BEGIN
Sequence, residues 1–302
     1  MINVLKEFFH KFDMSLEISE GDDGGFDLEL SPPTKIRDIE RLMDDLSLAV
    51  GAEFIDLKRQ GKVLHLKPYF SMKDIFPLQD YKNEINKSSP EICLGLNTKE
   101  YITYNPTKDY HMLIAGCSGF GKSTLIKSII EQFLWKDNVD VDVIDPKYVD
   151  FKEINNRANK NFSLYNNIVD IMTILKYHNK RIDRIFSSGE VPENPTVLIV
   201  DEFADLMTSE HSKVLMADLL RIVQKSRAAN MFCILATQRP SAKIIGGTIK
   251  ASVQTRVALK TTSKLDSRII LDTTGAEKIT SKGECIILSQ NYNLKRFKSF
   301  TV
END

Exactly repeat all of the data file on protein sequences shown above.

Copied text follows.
Sequence, residues 1–302
     1  MINVLKEFFH KFDMSLEISE GDDGGFDLEL SPPTKIRDIE RLMDDLSLAV
    51  GAEFIDLKRQ GKVLHLKPYF SMKDIFPLQD YKNEINKSSP EICLGLNTKE
   101  YITYNPTKDY HMLIAGCSGF GKSTLIKSII EQFLWKDNVD VDVIDPKYVD
   151  FKEINNRANK NFSLYNNIVD IMTILKYHNK RIDRIFSSGE VPENPTVLIV
   201  DEFADLMTSE HSKVLMADLL RIVQKSRAAN MFCILATQRP SAKIIGGTIK
   251  ASVQTRVALK TTSKLDSRII LDTTGAEKIT SKGECIILSQ NYNLKRFKSF
   301  TV